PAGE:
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Nash Equilibrium and the History of Economic Theory

  • Roger B. Myerson

John Nash's formulation of noncooperative game theory was one of the great breakthroughs in the history of social science. Nash's work in this area is reviewed in its historical context to better understand how the fundamental ideas of noncooperative game theory were developed and how they changed the course of economic theory.

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File URL: http://www.aeaweb.org/articles.php?doi=10.1257/jel.37.3.1067
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Article provided by American Economic Association in its journal Journal of Economic Literature.

Volume (Year): 37 (1999)
Issue (Month): 3 (September)
Pages: 1067-1082

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Handle: RePEc:aea:jeclit:v:37:y:1999:i:3:p:1067-1082
Note: DOI: 10.1257/jel.37.3.1067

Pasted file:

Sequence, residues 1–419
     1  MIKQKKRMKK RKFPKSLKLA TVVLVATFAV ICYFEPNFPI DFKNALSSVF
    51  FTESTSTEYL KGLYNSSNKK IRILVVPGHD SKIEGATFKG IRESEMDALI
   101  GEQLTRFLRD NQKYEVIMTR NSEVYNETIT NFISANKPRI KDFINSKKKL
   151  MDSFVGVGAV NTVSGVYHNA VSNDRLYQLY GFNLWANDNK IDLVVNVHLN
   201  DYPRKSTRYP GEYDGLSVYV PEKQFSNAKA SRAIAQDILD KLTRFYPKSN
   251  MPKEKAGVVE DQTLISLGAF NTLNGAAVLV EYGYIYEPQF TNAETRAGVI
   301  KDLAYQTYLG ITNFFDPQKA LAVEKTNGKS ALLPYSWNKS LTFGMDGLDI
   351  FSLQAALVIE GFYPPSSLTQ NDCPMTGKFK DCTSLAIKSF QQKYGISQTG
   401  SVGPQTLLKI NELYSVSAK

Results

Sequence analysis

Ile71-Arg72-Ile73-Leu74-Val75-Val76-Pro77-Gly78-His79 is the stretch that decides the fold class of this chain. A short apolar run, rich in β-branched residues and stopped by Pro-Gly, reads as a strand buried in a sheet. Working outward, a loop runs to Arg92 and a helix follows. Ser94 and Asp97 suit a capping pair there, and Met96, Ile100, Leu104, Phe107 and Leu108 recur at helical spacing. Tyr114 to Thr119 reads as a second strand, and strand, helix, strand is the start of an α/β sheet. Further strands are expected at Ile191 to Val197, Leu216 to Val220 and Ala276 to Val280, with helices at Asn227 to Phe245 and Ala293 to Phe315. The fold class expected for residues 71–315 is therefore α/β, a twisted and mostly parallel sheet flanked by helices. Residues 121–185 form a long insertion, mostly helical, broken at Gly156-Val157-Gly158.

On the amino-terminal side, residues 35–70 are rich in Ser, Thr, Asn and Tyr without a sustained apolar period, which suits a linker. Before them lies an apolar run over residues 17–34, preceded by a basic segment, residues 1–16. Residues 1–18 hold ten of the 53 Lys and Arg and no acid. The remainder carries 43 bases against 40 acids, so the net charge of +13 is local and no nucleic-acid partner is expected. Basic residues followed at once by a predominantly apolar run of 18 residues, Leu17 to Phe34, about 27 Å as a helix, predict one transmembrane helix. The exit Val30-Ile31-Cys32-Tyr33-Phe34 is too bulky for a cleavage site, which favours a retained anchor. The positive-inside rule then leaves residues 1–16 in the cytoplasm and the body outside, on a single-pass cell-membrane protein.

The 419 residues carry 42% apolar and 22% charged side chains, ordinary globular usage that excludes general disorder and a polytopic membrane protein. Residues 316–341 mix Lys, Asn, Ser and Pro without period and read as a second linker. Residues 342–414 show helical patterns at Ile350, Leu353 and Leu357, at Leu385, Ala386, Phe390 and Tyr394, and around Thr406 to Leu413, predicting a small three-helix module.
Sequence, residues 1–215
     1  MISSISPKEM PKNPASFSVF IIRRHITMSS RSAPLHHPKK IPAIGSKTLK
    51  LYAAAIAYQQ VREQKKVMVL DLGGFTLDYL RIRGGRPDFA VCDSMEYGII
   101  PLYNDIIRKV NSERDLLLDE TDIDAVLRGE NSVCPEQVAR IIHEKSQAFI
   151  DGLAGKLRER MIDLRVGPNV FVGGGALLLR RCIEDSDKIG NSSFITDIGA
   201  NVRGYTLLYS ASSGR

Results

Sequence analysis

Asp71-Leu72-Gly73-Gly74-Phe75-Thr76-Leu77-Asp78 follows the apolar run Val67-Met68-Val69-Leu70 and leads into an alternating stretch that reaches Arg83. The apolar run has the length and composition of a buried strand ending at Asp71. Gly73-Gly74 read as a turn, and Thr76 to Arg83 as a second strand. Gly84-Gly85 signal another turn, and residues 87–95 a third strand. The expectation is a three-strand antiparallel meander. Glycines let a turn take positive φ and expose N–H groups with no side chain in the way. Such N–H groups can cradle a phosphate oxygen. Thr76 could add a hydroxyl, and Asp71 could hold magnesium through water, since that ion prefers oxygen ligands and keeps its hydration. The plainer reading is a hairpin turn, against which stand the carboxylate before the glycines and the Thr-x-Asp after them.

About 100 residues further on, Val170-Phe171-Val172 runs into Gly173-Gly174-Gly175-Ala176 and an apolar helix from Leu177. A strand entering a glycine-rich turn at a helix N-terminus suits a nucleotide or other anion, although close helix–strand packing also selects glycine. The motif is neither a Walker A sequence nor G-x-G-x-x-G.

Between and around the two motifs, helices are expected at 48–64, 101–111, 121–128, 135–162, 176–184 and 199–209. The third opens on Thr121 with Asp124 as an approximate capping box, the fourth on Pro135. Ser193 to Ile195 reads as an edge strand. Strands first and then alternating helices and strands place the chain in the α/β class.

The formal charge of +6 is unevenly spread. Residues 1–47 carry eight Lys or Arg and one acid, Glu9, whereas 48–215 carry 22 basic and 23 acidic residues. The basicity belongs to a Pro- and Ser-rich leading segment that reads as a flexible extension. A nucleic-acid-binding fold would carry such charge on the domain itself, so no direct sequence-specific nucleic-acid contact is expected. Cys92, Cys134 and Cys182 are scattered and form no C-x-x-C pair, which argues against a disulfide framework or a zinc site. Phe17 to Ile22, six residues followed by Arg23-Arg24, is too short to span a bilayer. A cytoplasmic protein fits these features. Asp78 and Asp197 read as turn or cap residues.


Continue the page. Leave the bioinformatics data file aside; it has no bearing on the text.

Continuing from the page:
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  1. Nash, John, 1950. "The Bargaining Problem," Econometrica, Econometric Society, vol. 18(2), pages 155-162, April.
  2. Mas-Colell, Andreu & Whinston, Michael D. & Green, Jerry R., 1995. "Microeconomic Theory," OUP Catalogue, Oxford University Press, number 9780195102680, March.
  3. R. Aumann, 2010. "Subjectivity and Correlation in Randomized Strategies," Levine's Working Paper Archive 389, David K. Levine.
  4. Myerson, Roger B., 1982. "Optimal coordination mechanisms in generalized principal-agent problems," Journal of Mathematical Economics, Elsevier, vol. 10(1), pages 67-81, June.
  5. Robert J. Leonard, 1992. "Reading Cournot, Reading Nash / or / The Emergence and Stabilization of the Nash equilibrium," Cahiers de recherche du Département des sciences économiques, UQAM 9214, Université du Québec à Montréal, Département des sciences économiques.
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